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Your arrogance clearly exceeds your (theoretical) knowledge.
Its just sad to see words like that. I hope that you are able to be more constructive, or just ignore, next time you strongly disagree with someone. Conclude that you cannot agree with Cripsony is no problem, hostile words are.

However, I greatly appreciate that you share your experience with the product, keep it coming! That I'm interested is an understatement.....
 

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Got the system installed and drove home just now. The mount I made won't stick to the top of the AC vent, so I will stick it on the wind shield. I used all the softest setting at first to hopefully help the springs to settle, as the ride height is way too high at the recommended setting. The ride is much more comfortable than I thought, and it actully floated a little bit. I then turned everything all the way up and it was noticeable even going though highway connection. The biggest surprise to me was the picth setting. I used to scrub at the speed bump going into home garage, as the nose would pitch down with the KW v2, but now the nose will not squat anymore. The ride back home was slow traffic so I couldn't make more comment on the system yet. However, all my springs( i guess) squeak whenever they hit bump. I already ask Simon about it and hopefully will get that fixed soon.

Here is the video of the noise.

I am heading to race track the coming weekend and will report back more finding and settings

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Discussion Starter #155
That’s great news that you have them fitted and seem to be enjoying the benefits too. The noise you report is exactly the same as mine and is caused by the holes in OEM front top mounts being a larger diameter than the OEM fixing bolt meaning excess clearance so the damper moves in the mount, hence creating the noise. The fix for this (top hat washers and matching diameter bolts) is on the way from Tractive to Simon, so will no doubt be on the way to you soon to.

On a quiet road try turning the car left and right like when warming your tyres. Set everything to 1 and try it, then set 5 and do it again. The difference in turn-in precision is quite amazing, but especially feel the back end which becomes much, much more precise than OEM. I’m interested to know how it compares with your KW conventional dampers. Finally, set front and rear hardness to setting 1 and put Roll and Pitch to 5. You should experience reasonable ride comfort in a straight line, but with the above mentioned precision and feel when doing the tyre warming procedure.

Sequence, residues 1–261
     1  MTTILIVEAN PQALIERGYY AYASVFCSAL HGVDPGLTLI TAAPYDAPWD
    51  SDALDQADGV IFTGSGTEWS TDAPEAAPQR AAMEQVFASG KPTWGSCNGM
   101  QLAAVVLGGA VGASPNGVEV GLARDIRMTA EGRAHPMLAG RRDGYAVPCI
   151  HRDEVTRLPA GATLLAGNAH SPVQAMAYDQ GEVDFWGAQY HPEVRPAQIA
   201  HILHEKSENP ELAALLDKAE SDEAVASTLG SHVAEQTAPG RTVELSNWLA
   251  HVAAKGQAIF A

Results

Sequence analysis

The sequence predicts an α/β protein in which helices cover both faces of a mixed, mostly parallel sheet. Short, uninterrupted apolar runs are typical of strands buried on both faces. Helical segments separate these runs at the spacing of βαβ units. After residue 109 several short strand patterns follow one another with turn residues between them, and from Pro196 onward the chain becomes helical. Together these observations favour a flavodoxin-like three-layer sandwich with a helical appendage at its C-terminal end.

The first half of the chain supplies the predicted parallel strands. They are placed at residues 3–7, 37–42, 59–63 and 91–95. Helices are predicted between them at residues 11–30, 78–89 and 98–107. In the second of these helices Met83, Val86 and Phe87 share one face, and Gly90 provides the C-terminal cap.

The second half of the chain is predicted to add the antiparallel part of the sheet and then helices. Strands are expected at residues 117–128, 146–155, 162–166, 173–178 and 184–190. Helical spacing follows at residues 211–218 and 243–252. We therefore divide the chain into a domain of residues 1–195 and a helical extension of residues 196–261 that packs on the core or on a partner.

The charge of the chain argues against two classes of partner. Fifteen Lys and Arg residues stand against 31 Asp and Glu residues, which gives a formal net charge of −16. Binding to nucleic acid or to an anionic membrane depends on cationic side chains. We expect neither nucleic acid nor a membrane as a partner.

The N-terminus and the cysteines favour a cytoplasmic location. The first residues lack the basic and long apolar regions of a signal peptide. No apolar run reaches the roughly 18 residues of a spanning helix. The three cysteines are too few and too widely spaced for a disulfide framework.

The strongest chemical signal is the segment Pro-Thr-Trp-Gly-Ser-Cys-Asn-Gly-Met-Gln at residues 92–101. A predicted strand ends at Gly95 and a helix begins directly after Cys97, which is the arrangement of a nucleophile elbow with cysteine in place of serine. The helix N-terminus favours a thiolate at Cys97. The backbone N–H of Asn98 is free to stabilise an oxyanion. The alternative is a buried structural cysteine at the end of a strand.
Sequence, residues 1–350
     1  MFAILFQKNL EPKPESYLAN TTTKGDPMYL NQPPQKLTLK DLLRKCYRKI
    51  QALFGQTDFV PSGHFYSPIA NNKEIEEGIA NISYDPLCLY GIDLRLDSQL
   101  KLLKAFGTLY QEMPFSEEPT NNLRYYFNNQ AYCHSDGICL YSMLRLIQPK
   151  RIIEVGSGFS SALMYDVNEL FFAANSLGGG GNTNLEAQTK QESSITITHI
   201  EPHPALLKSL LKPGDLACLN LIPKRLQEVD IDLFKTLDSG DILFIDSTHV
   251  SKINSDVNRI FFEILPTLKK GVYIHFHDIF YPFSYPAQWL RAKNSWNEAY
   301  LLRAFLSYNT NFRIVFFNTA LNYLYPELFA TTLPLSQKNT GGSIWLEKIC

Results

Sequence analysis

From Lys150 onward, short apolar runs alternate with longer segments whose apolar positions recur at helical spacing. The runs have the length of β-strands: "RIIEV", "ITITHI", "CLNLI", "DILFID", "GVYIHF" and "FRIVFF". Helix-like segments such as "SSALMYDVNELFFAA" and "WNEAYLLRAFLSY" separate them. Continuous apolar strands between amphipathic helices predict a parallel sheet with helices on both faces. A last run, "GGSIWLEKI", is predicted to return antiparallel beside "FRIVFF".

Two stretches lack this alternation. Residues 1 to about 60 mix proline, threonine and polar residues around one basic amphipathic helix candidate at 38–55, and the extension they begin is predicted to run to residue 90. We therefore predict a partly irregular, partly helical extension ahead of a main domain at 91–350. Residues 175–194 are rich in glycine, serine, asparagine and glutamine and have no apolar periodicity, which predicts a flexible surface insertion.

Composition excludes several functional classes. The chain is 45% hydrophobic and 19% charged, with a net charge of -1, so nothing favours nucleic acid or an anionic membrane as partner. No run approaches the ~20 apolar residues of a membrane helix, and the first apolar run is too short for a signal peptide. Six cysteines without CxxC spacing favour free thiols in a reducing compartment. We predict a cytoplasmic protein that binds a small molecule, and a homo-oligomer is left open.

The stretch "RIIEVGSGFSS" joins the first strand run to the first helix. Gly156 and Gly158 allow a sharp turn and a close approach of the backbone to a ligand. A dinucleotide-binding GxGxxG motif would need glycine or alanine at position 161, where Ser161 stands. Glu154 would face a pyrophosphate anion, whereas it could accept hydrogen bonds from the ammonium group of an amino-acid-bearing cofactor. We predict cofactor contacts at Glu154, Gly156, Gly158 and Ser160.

Have you worked out how to change the screen display yet? The instructions aren’t quit right. Touch the screen in the top right, then touch it on the right hand side about half way vertically. This should Display Screen 2. Do the same for Display 3. Screen 4 (IIRC is calibration), and Screen 5 is an admin screen too. Repeat the action once again and you’re back to Screen 1.

You can set the screen brightness and change the default adjustment startup screen too. I can’t remember how without being in front of the screen, so will make notes when I get a chance. It’s possible to change the startup splash screen too. I knocked this up for mine. You’re welcome to a copy!

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I spent only like 40 mins driving it , and was afraid of the squeak would cause serious damage, but Simon got back to me and said it is normal, and I should keep driving it to make the bushing settle.

I too found the instructions are limited, and can't do anything besides setting up the hardness. For example, I am still trying to understand what is going to happen if I turn front and rear to full hardness, but have the pitch and roll at the softest setting, and what happen if I do it the otherway around. Is the setting bumping up the softest point or is it allowing to go harder when needed. Hopefully tractive can put some more information on their web site.

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Discussion Starter #157
Apologies if I’ve misinterpreted your question but this is my understanding of how the Tractive active setup works. The following force velocity curves (positive Y plots are bump settings and negative Y are rebound) are real plots but aren’t from a single damper: they’re from 2 dampers and were used to compare changes, but they’ll work for what I’m trying to illustrate. We’ll use each of the curves to illustrate 4 available settings softest, soft, firm and firmest (of course, you’ll have 5 plots because you have 5 settings but bear with me).